Randy Less, General Manager for Permeate Refining is pleased to be working with C&N and is secure tthat the group can find the the best customers their products.
Jon Bjornstad, who founded C&N added, “I’m excited about the technology approach proven by Permeate’s current production and believe that their success is a testament to the progress being made today by the ethanol industry to produce greater volumes of the advanced biofuels required under RFS2.”
POET, the largest ethanol producer in the world, plans to announce plans of their process for Project LIBERTY, a 25-million-gallon-per-year cellulosic ethanol plant in Emmetsburg, Iowa. According to their press release, POET’s Senior Vice President of Science and Technology Mark Stowers will speak Thursday at the F.O. Licht’s 3rd Annual Developing and Commercialising Next Generation Biofuels conference in London detailing.
Project LIBERTY’s construction is scheduled to begin this year and will use corn cobs as feedstock. POET has operated a pilot cellulosic ethanol plant in Scotland, S.D. since November 2008. The location of this new plant will be alongside the Emmetsburg grain ethanol plant making a more efficient process.
A documentary of POET’s pilot cellulosic ethanol plant can be found by clicking here.
It’s been a long time in the making, but the Environmental Protection Agency has finally released the new Renewable Fuels Standard … better known as RFS-2.
The standard requires that biofuels will have to reduce greenhouse gas emissions compared to the gasoline and diesel fuels they displace and grow in production from last year’s 11.1 billion gallons to 36 billion by 2022, with 21 billion gallons to come from advanced biofuels. It’s expected to replace more than 328 million barrels of non-renewable petroleum a year and reduce greenhouse gas emissions more than 138 million metric tons annually when fully implemented.
While admitting it might not be perfect, RFS-2 is being welcomed by representatives of the ethanol and biodiesel industries.
It’s a busy day for the federal government. Here is what has happened today. The EPA has released its expanded rules for the Renewable Fuel Standard, The U.S. Department of Agriculture has proposed a rule on the Biomass Crop Assistance Program (BCAP) that would provide financing to increase the conversion of biomass to bioenergy, and the President’s Biofuels Interagency Working Group released its first report – Growing America’s Fuel. The report was co-authored by co-chairs Secretaries Vilsack and Chu along with EPA Administrator Lisa Jackson and lays out the strategy to advance and bring to market sustainable biofuels.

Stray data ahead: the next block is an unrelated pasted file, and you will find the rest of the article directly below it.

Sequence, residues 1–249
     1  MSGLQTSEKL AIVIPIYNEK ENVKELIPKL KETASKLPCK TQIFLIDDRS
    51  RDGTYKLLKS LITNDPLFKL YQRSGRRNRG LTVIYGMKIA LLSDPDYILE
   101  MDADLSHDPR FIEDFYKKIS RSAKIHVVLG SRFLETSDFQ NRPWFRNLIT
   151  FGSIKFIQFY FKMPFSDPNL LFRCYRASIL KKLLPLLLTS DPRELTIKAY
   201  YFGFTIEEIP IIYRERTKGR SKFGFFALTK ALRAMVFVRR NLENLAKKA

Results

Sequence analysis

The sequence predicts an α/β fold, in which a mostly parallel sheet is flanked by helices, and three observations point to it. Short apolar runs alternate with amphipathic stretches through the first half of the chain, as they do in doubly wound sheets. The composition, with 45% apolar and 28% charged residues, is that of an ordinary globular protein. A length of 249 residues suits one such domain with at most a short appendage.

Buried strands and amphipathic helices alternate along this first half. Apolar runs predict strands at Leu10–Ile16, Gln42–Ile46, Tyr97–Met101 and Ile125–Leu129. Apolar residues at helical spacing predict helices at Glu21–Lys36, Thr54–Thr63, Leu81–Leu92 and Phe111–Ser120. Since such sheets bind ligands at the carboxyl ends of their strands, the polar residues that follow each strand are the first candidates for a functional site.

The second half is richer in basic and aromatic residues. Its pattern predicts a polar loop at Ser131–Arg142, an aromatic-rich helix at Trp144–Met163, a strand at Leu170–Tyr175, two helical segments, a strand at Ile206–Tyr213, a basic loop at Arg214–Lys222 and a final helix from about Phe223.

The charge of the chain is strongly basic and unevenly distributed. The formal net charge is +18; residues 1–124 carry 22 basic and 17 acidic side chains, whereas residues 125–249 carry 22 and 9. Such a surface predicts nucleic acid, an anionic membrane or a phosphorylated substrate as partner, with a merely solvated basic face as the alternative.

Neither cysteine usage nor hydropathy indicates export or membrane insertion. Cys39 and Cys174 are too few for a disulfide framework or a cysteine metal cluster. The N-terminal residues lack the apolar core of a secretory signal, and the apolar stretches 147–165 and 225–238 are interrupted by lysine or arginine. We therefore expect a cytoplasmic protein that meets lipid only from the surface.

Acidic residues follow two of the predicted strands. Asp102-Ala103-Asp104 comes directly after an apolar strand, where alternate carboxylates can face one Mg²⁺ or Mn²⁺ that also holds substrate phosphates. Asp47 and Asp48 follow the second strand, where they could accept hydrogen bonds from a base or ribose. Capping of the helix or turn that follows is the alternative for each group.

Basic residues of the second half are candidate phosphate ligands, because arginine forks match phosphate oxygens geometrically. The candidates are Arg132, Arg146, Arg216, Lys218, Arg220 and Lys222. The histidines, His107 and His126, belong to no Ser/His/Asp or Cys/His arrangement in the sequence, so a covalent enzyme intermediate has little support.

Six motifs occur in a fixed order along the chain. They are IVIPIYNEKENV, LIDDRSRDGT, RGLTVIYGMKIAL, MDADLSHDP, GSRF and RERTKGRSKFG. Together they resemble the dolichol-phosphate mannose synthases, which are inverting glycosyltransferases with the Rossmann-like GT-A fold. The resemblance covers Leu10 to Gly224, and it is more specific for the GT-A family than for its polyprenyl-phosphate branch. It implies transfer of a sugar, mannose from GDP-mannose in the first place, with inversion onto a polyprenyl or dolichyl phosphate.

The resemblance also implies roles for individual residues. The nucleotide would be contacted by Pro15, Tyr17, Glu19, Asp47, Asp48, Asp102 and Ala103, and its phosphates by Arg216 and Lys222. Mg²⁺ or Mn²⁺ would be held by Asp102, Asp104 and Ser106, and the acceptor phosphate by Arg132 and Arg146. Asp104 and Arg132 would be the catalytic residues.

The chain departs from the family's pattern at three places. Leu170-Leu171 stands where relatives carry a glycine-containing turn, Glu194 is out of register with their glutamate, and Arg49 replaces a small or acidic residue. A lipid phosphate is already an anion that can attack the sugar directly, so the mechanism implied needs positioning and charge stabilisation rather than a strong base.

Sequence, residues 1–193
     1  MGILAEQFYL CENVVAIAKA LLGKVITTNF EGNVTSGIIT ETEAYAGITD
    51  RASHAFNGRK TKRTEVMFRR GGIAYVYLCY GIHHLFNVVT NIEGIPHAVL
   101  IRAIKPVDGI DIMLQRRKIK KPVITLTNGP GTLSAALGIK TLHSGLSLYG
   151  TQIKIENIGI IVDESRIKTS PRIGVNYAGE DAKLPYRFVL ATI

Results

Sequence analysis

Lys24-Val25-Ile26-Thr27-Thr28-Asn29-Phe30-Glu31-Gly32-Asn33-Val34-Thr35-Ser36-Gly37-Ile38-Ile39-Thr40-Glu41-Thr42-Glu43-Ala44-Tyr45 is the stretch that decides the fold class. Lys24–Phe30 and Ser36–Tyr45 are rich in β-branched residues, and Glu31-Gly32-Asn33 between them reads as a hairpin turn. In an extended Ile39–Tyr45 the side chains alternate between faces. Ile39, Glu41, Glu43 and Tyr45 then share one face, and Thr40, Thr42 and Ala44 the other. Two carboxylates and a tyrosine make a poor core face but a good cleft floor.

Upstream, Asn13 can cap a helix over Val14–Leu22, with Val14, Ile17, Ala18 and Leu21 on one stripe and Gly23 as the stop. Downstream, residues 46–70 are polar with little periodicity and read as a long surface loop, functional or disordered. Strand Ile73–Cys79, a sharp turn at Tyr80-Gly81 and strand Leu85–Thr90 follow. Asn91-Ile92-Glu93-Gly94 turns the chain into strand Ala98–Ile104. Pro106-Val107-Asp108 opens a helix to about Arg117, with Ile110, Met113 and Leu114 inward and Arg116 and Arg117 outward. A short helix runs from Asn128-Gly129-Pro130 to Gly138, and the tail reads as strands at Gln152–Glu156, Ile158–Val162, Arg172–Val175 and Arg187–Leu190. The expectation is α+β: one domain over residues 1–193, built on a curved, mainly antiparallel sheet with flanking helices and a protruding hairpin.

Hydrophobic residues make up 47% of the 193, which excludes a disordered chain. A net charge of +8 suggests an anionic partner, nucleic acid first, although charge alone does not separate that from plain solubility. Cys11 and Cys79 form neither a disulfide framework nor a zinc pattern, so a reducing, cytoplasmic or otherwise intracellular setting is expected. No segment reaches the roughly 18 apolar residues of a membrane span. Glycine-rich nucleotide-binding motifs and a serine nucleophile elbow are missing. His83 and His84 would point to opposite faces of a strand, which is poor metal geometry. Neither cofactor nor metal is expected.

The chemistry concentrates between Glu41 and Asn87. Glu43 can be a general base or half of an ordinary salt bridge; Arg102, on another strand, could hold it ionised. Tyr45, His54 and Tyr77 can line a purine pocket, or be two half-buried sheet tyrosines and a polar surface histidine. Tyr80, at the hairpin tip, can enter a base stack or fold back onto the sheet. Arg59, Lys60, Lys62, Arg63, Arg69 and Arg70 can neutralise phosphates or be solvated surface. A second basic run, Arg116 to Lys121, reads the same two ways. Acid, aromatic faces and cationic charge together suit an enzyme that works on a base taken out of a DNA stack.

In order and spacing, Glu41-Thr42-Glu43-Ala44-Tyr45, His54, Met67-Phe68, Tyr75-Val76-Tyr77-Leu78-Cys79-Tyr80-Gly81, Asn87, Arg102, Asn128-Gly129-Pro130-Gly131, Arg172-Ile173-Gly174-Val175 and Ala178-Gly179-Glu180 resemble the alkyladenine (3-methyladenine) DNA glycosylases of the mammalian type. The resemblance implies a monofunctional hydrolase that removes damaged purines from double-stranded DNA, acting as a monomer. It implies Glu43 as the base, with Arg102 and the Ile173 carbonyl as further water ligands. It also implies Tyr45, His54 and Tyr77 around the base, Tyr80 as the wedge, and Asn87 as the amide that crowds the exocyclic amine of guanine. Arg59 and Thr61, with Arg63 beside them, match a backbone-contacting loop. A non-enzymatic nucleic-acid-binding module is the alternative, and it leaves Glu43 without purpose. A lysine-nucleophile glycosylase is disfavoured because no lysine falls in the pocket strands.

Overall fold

“Advancing biomass and biofuel production holds the potential to create green jobs, which is one of the many ways the Obama Administration is working to rebuild and revitalize rural America,” said Agriculture Secretary Tom Vilsack. “Facilities that produce renewable fuel from biomass have to be designed, built and operated. Additionally, BCAP will stimulate biomass production and that will benefit producers and provide the materials necessary to generate clean energy and reduce carbon pollution.”
“We welcome this new vision focused on biofuels production targets, and we encourage equal if not greater attention on distribution and creating long-term, sustainable demand for today’s corn ethanol and the next generation of biofuels,” said Brian Jennings, Executive Vice President of ACE. “Approving the pending E15 waiver request, requiring the production of more Flexible Fuel Vehicles (FFVs), and providing incentives for the installation of blender pumps to dispense mid level ethanol blends all need to occur if we are to ensure that both corn ethanol and the next generation of biofuels can make good on their promise to reduce our dependence on foreign oil.”
Growth Energy CEO, Tom Buis agreed with Jenning’s statement and added, “Growth Energy commends President Obama for recognizing the value of grain ethanol and the need to move forward with cellulosic ethanol to help our nation meet the goal of producing 36 billion gallons of renewable fuels by 2022. The President understands the need for enhanced support for the existing ethanol industry and greater investment to create jobs, improve our environment and increase our national security.”